The next day, he went to stay in the shelter at the Phoenix Rescue Mission. He got a day labor job and learned more about God in the Chapel services at night. He saved up to buy a car and thought he could make things work out on his own. Unfortunately when he bought a car and left the Mission, he got involved in his old ways and was soon back on drugs.

Brian was in and out of our shelter for over a year, knowing that Jesus had led him to the Mission, but unable to commit to the year-long Addiction Recovery Program. He finally admitted his addiction problem to one of chaplains and signed up for the program.

"It was the best decision I have ever made," Brian shared. In the recovery program, he learned to deal with his past resentment and also be accountable to others and to God. "I had to learn to trust God and to learn His plan for my life." Brian also discovered that having healthy relationships with other Christians could actually be fun!

Brian graduated from the program late last year and is looking for employment. He is confident that God will help him find the right job. He is truly excited about having a new life, taking it one day at a time with the Lord. Brian wants to tell those who support the Mission, "Thank you. My new life wouldn't have been possible without your gifts and prayers!"

-Selected from Phoenix Rescue Mission's Quarterly Newsletter. Request a copy to be mailed to you by emailing Debra at

Henry’s Story

Henry at Phoenix Rescue Mission

Henry is a native Arizonan who was raised by his single mother after his father left when he was only three years old. His mother did her best to raise Henry and his siblings right. However, in his formative years, his male role models were his uncles, who all had drinking problems.

Henry married young and before he knew it, he was the father of three children. It's at this point that Henry's drinking problem surfaced. While he kept a job and provided physically for his family, Henry was not always there emotionally for them.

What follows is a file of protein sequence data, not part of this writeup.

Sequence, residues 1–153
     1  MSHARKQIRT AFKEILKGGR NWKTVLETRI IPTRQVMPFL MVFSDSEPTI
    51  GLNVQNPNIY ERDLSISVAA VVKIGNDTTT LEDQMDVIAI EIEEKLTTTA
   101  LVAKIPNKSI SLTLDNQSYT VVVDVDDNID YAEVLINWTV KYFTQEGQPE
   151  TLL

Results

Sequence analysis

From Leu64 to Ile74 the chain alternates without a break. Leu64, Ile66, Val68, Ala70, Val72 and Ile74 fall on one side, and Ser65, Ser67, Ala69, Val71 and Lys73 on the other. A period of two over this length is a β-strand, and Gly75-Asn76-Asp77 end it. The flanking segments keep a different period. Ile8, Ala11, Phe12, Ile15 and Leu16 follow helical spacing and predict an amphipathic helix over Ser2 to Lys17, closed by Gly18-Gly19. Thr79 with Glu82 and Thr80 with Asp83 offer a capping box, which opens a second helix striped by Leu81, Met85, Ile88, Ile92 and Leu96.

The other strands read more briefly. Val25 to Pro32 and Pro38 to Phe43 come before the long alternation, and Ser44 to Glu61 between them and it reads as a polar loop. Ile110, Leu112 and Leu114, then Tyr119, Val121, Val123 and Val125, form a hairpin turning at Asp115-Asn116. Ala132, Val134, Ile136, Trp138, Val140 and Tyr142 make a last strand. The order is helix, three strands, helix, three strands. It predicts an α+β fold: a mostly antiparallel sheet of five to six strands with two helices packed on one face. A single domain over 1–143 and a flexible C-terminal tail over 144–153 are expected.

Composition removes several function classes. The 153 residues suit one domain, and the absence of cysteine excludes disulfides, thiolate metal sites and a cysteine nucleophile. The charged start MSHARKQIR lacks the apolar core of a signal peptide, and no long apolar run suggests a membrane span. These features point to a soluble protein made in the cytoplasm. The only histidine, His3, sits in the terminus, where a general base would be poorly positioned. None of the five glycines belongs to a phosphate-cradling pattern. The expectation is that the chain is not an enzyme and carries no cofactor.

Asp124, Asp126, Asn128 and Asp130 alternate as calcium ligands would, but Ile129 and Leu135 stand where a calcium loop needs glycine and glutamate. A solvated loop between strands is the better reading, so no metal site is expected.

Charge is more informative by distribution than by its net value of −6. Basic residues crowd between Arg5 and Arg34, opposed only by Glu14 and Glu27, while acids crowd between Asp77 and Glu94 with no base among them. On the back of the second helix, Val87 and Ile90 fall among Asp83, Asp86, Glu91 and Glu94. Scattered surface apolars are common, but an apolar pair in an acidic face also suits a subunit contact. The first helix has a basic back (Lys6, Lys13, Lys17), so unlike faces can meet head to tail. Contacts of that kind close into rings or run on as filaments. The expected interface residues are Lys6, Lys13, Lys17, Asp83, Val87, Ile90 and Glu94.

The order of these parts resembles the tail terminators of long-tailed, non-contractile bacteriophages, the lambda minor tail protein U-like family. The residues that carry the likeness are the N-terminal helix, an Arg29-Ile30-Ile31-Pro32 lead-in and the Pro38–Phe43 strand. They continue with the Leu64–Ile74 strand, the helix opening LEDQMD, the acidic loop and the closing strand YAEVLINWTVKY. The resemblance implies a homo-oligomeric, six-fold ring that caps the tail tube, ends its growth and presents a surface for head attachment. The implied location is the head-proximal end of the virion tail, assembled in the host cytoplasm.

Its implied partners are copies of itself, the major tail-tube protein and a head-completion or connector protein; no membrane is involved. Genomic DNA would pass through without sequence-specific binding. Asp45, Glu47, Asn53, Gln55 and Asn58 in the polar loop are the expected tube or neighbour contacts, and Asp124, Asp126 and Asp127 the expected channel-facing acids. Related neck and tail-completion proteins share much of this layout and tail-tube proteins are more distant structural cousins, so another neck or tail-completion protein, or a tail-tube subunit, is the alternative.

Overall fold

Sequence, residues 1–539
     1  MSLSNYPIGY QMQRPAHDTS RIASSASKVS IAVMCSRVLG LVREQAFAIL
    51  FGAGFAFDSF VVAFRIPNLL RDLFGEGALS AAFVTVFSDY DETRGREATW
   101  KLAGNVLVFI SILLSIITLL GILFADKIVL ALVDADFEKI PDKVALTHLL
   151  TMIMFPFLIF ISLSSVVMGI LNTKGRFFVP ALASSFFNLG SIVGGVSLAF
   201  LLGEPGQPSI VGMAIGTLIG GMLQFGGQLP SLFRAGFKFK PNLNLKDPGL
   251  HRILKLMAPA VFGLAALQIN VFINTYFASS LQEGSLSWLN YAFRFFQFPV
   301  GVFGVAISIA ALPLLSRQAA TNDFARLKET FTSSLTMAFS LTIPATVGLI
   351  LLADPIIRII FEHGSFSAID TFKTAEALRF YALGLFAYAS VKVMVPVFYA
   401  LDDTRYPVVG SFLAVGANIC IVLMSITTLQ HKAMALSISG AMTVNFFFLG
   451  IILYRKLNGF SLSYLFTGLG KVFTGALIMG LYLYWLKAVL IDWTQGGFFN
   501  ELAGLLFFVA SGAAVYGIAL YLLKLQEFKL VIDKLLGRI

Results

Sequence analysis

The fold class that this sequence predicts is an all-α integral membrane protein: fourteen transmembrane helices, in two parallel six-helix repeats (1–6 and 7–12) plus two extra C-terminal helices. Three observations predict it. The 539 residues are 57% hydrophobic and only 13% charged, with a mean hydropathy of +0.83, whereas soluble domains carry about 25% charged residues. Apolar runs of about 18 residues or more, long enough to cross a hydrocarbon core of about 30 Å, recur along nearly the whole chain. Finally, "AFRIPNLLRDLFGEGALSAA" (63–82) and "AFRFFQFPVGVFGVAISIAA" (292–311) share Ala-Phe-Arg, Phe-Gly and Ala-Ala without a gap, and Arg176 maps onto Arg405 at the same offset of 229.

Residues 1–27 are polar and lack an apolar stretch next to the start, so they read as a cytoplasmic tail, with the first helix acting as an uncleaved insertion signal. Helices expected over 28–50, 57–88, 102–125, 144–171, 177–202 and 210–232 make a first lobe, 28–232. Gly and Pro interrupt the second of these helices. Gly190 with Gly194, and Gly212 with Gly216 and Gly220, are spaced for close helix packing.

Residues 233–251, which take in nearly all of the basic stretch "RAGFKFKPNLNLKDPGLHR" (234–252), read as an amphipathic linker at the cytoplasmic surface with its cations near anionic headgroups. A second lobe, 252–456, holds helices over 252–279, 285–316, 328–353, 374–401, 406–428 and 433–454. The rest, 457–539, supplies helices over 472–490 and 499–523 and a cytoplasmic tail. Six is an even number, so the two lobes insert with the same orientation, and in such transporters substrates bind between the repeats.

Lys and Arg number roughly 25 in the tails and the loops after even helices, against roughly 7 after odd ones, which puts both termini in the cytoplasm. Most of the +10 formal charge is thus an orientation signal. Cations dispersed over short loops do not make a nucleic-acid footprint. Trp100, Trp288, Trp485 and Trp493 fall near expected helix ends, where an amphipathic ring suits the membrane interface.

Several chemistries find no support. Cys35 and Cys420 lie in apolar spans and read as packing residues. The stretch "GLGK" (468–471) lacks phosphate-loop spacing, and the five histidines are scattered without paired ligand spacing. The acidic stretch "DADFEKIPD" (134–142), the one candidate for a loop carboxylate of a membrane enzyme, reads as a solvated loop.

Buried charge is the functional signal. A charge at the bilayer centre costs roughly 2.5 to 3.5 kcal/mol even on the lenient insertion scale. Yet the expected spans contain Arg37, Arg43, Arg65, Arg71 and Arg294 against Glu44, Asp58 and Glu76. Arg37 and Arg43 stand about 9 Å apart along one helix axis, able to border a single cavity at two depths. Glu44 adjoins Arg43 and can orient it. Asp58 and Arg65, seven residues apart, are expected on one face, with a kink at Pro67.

After eight years of marriage, he and his wife were divorced. That's when Henry went from just drinking to also using drugs. He became involved with the wrong people and ended up in and out of jail for several years. Then he was in a  bad accident, but didn't end up in jail even though there were already three DUI's on his record. As he roamed the streets, he was filled with guilt. He prayed for forgiveness and God's help in his life. Just a few minutes later, another man on the streets told him about the Men's Addiction Recovery Program at the Mission.

Henry entered the program without realizing everything he would go through in the next year. He had to learn to submit to authority and how to deal with his anger and pride. He had built up a great deal of resentment toward his father and learned that he had to forgive his father and himself. There were many times that he wanted to leave and run away from his problems, but the staff kept encouraging him. "God broke me of many things, humbling me for my growth and His will," Henry said.

Henry graduated from the program in July and is searching for a job. He also has received a grant to attend Rio Salado college to pursue  a Chemical Dependency degree. His ultimate goal is to be certified as a Chemical Dependency counselor to help others.

"I can see now that God's been with me through it all." He wants you to know, "When you give to the Mission, you're not just giving to people, but you're giving to God's work."

Thank you for making it possible for Henry and many others to be touched and changed by the Lord!

-Selected from Phoenix Rescue Mission's Quarterly Newsletter. Request a copy to be mailed to you by emailing Debra at